9.3 Software Design
Once the requirements have been detailed and accepted, the
design will be established through a process of allocating and arranging the
functions of the system so that the aggregate meets all customer needs. Since
several different designs may meet the requirements, alternatives must be
assessed based on technical risks, costs, schedule, and other considerations.
A design developed before there is a clear and
concise analysis of the systemís objectives can result in a product that does
not satisfy the requirements of its customers and users. In addition, an
inferior design can make it very difficult for those who must later code,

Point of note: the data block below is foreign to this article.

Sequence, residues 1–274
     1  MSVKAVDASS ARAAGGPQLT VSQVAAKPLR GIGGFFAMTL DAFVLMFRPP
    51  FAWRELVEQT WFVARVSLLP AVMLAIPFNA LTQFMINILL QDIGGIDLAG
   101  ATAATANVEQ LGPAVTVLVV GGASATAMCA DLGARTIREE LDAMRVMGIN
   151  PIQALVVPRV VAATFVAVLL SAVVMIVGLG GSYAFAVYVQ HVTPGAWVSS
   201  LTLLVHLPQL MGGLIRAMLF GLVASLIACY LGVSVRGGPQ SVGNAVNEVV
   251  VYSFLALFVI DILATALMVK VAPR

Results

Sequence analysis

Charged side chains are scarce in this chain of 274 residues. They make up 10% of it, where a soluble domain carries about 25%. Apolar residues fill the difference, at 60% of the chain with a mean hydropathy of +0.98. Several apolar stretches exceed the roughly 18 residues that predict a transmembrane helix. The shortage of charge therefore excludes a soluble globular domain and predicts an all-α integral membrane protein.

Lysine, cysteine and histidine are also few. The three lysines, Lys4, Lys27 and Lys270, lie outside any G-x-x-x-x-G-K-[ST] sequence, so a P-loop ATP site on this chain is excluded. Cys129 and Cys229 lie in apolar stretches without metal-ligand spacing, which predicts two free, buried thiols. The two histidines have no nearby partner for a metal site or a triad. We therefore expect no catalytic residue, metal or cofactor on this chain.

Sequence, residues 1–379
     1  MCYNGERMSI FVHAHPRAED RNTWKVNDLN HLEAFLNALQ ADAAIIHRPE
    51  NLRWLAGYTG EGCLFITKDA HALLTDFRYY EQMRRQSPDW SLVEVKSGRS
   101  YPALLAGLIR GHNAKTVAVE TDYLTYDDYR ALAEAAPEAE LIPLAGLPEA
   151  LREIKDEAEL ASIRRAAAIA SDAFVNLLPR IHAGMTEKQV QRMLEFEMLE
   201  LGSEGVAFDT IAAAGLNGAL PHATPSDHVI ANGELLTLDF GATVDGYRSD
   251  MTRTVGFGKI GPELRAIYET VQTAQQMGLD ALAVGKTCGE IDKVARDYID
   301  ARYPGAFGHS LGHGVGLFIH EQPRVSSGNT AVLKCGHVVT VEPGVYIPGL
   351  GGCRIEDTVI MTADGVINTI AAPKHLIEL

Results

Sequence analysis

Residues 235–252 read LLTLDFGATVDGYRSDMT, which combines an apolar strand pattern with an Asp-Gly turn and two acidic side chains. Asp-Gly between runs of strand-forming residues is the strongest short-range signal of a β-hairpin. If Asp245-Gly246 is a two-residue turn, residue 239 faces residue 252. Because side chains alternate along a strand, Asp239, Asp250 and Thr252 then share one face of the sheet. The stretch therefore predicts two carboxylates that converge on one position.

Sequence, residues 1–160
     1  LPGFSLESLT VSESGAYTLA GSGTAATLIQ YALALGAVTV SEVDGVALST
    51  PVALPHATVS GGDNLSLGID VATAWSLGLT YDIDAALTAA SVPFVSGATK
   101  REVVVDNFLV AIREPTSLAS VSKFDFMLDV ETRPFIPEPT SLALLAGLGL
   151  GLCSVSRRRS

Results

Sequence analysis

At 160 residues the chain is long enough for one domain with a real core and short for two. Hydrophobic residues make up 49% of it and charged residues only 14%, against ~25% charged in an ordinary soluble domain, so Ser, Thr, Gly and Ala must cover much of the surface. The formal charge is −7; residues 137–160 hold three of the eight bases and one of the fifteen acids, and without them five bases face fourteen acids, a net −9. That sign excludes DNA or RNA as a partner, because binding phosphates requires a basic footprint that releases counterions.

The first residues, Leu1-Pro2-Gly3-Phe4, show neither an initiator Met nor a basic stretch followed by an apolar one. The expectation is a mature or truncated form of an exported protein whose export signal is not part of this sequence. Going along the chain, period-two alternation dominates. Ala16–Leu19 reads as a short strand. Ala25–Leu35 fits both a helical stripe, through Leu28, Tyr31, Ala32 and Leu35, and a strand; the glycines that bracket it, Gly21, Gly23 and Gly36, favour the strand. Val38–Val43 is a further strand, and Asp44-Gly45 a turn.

test, or maintain the software. During the course of a software development
effort, analysts may offer and explore many possible design alternatives
before choosing the best design.
Frequently, the design of a
software system is developed as a gradual progression from a high-level or
logical system design to a very specific modular or physical design. Many
development teams, however, choose to distinguish separate design stages with
specific deliverables and reviews upon completion of each stage. Two common
review stages are the preliminary design and the detailed design.